Interview with HHS’s Mrs. Leah Moore, Author of Loving You Big

Recently, Harrison High School’s own Mrs. Leah Moore, a freshman English teacher, has published her first book titled Loving You Big. The Husky Herald had the opportunity to interview her about her book.

HH: Could you tell us a little bit about what the book is about?

Moore: So, my story – it’s a memoir- about my daughter’s diagnosis with Cri du Chat Syndrome which is the deletion of the fifth chromosome and the journey that I went through as her mother to make sense of what it meant to raise a child who was very different from what I expected. Along the journey I had twins who had some serious medical needs and through the process of the book, you kind of see me growing as an advocate and understanding my own biases and how to create a more empathetic and inclusive society.

HH: So, did you always want to write a book on this?

Moore: Oh, that’s a great question. So, no. I had always wanted to write but I never had anything that I felt was of any substance. I wrote a lot of terrible love letters, I wrote a lot of cheesy fiction, and I wrote over dramatic poems. I actually wrote the first vignette- I decided to write Loving You Big as a series of vignettes- and the first vignette I wrote as a model for my 9th grade students about eight years ago. They were struggling with their personal narrative assignments, so I wrote one as an example and after I wrote it, I realized I had a lot more to say. I wrote the book first as a blog and then I realized there was an audience and I just kept on writing.

HH: Was there a specific moment when you realized you could make this into something you could publish?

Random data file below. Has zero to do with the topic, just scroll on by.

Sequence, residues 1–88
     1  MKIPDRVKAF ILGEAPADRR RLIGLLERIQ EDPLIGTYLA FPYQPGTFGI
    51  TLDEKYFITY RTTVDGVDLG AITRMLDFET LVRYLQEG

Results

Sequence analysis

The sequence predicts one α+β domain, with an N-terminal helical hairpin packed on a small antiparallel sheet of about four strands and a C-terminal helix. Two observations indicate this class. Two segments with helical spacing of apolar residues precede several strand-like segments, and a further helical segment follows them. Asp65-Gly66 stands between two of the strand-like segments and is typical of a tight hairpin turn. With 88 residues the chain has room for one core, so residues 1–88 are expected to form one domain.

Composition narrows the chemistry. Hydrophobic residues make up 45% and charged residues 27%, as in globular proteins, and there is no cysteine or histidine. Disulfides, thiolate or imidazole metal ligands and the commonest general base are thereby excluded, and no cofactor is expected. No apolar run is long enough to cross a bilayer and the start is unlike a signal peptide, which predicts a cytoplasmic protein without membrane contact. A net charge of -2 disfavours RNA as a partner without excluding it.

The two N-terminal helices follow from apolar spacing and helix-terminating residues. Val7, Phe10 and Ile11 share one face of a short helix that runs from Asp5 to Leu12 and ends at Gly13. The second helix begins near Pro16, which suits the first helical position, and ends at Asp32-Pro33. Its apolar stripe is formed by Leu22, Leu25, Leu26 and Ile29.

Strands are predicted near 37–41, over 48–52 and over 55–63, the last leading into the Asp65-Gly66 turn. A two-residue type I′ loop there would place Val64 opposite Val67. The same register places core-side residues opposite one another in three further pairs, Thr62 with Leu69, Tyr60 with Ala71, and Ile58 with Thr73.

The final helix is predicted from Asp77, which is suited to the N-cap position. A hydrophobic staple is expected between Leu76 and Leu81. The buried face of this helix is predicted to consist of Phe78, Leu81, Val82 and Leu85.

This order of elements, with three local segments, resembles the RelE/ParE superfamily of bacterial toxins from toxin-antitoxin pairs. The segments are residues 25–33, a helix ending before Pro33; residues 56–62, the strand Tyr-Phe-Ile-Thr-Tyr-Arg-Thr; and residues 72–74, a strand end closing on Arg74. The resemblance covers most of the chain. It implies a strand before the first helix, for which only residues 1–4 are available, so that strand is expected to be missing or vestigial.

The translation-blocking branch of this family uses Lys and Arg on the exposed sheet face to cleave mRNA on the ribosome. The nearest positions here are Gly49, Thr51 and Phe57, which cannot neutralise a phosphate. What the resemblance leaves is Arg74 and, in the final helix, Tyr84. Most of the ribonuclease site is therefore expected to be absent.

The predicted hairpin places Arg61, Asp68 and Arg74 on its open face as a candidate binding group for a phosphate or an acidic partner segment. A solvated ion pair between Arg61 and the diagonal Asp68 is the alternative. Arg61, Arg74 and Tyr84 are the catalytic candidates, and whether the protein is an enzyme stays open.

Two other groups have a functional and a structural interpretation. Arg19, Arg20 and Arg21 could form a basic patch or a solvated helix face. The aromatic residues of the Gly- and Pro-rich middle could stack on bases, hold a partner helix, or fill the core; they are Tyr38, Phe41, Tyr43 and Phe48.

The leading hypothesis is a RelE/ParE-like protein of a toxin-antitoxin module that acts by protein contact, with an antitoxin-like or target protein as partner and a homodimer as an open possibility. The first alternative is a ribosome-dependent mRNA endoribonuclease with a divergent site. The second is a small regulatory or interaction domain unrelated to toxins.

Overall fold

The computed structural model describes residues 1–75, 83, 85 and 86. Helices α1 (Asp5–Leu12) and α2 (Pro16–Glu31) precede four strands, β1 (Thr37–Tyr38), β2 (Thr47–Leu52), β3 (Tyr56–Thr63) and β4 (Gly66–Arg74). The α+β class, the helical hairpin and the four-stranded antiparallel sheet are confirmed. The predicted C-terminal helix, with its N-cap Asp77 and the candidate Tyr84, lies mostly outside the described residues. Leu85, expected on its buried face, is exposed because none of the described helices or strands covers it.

Moore: I think, yeah. I went to the grocery store with my three kids without a stroller for the first time and it was really stressful, it was pure chaos and when I came home I pushed the kids onto my husband and said “I just have to write!” I remember it was fourteen minutes and I wrote my most popular piece and the one that everyone always comments on and it just poured out and I came back and I said “I wrote another piece and I think I’m gonna write a book.” So, that was really the moment when I decided to write a book.

HH: Could you talk a little bit about that piece and what that was about?

Moore: Sure! Yeah, so Jordan- that’s my daughter- Jordan would have been five, she’s currently ten. She was doing this thing called a PEC System which is a Picture Exchange Communication System. So, when you don’t have words, you can give a picture of what you want to a person. She was practicing how to use that system to buy groceries as a life skill, so we were practicing getting just a few items, strawberries, popsicles, chocolate chip muffins. My boys were just learning to walk so we went to the grocery store, all holding hands and the second we got in they all just escaped from me. The boys grabbed all the berries and threw them all over the floor, at one point I lost Jordan. She was completely missing but she was wearing this rainbow wig so I was shouting “Has anyone seen a little girl in a wig?” and I was throwing kids in the cart and it was just pure chaos and we ended up leaving with only four items, none of which could be used for dinner, like it was such a disaster. Then when we got to the parking lot, I was buckling in the last child, and a man yelled to me like “Hey lady!” And I said “Oh, my gosh, I’m so sorry,” and he said “You’re a great mother.” I said “Oh, thank you so much.” and thought ‘Oh, I’m not as much of a mess as I thought.’ It really made me realize that what we put out into the world is chaos and there’s a lot going on with my kids, but it can all be dealt with with kindness and a sense of humor.